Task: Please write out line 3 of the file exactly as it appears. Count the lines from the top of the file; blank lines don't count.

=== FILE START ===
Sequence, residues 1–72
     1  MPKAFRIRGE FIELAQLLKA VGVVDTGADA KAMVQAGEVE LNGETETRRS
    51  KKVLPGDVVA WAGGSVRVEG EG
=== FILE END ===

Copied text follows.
    51  KKVLPGDVVA WAGGSVRVEG EG